“Suggests nothing to my imagination but protracted sieges and religious animosities. Of course, I don’t know your kitten” –

“Oh, you’re silly. It’s a sweet name, and it answers to it– when it wants to. Then, if there are any unseemly noises in the night, they can be explained succinctly: Derry and Toms.”

“You might almost charge for the advertisement. But as applied to pictures, don’t you think your system would be too subtle, say, for the Country Cousins?”

“Every reformation must have its victims. You can’t expect the fatted calf to share the enthusiasm of the angels over the prodigal’s return. Another darling weakness of the Academy is that none of its luminaries must ‘arrive’ in a hurry. You can see them coming for years, like a Balkan trouble or a street improvement, and by the time they have painted a thousand or so square yards of canvas, their work begins to be recognised.”

“Someone who Must Not be Contradicted said that a man must be a success by the time he’s thirty, or never.”

“To have reached thirty,” said Reginald, “is to have failed in life.”

Rabbit with Drum on display in the courtyard of the Royal Academy. One can only wonder what Reginald would have made of such a work of art. ( )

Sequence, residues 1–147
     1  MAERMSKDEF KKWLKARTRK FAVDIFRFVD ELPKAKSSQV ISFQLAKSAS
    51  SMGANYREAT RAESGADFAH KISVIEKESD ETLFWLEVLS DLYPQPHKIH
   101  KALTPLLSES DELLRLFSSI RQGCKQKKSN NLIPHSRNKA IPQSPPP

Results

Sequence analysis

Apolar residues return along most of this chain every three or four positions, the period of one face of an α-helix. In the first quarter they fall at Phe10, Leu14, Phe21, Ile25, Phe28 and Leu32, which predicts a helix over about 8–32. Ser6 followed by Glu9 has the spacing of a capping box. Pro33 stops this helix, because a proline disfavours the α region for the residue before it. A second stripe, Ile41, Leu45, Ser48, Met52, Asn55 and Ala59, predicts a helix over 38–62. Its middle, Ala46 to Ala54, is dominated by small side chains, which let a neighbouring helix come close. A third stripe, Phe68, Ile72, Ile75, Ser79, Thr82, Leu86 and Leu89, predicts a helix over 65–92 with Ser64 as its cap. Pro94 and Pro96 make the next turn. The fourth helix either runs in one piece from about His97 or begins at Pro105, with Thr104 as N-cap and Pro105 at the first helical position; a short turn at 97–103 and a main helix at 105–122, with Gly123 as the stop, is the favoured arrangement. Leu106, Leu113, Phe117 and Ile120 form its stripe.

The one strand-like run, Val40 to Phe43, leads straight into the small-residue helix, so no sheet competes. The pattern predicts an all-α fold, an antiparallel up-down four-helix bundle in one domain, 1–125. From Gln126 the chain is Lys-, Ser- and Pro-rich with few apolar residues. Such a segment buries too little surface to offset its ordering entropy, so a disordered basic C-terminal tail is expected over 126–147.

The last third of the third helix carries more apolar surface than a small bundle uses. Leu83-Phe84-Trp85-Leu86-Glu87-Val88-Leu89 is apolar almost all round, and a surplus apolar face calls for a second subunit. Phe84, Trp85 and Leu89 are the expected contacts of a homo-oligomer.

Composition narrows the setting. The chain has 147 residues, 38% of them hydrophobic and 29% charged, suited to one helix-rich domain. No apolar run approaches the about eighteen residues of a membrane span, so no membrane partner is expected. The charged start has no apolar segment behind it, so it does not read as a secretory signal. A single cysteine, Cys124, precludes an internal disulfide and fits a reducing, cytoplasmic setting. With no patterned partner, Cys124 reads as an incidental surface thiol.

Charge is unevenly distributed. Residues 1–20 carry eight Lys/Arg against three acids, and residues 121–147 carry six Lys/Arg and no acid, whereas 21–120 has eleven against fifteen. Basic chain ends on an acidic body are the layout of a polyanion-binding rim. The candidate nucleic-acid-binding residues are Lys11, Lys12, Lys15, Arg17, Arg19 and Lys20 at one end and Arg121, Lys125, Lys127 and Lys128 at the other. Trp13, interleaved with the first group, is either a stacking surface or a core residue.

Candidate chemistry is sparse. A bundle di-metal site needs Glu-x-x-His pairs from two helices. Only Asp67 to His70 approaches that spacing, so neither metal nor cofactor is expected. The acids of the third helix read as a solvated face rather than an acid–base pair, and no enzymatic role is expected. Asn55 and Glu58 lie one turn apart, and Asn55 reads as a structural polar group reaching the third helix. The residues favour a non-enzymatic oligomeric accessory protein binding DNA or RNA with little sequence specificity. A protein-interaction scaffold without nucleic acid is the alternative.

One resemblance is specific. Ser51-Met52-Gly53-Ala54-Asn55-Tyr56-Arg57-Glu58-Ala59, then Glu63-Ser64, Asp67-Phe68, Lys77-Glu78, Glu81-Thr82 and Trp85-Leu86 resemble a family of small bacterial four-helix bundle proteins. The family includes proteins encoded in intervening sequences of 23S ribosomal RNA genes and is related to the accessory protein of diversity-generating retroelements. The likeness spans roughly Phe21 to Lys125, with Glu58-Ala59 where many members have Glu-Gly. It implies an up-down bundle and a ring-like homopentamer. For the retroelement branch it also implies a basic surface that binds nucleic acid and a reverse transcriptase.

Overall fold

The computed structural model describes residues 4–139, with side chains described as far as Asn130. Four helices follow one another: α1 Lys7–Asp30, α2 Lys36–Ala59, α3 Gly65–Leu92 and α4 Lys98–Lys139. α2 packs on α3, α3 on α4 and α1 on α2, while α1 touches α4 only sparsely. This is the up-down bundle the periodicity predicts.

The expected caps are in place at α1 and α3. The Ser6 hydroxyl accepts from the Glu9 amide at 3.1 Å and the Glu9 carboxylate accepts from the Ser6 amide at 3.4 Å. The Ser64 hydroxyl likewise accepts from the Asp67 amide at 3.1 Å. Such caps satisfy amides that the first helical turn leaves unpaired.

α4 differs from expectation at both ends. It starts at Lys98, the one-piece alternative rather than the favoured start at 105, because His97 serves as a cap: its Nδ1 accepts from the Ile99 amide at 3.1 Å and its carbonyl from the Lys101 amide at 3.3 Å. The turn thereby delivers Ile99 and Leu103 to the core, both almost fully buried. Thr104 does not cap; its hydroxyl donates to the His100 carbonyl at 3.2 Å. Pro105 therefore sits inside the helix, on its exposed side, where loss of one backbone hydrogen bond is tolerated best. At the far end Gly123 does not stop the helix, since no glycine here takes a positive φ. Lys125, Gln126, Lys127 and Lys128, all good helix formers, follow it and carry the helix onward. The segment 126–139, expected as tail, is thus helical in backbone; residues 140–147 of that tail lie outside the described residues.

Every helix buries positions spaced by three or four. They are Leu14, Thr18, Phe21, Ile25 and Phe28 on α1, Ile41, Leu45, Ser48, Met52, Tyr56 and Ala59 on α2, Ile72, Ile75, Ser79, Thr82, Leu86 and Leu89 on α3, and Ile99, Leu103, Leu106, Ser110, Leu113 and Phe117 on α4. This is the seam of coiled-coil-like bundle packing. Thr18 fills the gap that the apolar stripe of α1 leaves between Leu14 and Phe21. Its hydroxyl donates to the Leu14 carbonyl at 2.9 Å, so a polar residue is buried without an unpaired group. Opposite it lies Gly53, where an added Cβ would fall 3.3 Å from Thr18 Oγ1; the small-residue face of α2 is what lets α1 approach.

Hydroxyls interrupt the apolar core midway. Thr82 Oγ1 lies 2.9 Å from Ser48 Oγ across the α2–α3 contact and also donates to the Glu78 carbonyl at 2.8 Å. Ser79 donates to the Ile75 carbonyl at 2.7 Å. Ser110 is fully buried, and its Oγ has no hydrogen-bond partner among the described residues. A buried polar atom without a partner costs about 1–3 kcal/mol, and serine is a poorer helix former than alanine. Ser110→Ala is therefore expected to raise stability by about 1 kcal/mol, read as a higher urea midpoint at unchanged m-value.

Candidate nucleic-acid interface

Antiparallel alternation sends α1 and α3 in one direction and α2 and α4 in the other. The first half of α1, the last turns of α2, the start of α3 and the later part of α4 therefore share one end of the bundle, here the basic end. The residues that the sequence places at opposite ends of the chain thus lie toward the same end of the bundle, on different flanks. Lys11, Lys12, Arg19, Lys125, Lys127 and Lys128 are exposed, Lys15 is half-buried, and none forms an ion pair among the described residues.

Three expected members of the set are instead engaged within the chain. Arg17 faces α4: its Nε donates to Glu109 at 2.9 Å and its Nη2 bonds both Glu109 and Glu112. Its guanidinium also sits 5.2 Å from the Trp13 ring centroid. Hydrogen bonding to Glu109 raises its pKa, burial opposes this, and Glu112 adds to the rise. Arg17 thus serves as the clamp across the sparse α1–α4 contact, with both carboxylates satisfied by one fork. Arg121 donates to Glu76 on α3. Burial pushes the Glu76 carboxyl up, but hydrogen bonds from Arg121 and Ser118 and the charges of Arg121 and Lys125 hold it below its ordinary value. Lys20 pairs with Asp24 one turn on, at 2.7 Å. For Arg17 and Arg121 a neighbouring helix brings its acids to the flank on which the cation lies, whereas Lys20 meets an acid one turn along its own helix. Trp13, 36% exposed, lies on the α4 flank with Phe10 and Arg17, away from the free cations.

Glenn_Russell | Nov 13, 2018 |
I started this collection thinking of Saki as a more transparently malicious version of P.G. Wodehouse; he eviscerates pompous society women in a few pen-strokes. The cruelty is always justified by character defect or wrong behavior on the part of the person being skewered, and the lively children (or perpetual-adolescents) — friends of animals — always prevail. I agree with one critic, quoted in the biography of Saki by E.M. Munro: "Munro's understanding of children can only be explained by the fact that he was in many ways a child himself: his sketches betray a harshness, a love of practical jokes, a craze for animals of the most exotic breeds, a lack of mellow geniality that hint very strongly at the child in the man. Manhood has but placed in his hands a perfect sense of irony and withheld all other adult traits."

Some of the these stories are masterful. In a few sentences, Saki paints a few characters with precision and sets up a conflict into which the antagonist wanders, usually unaware, with hilarious results.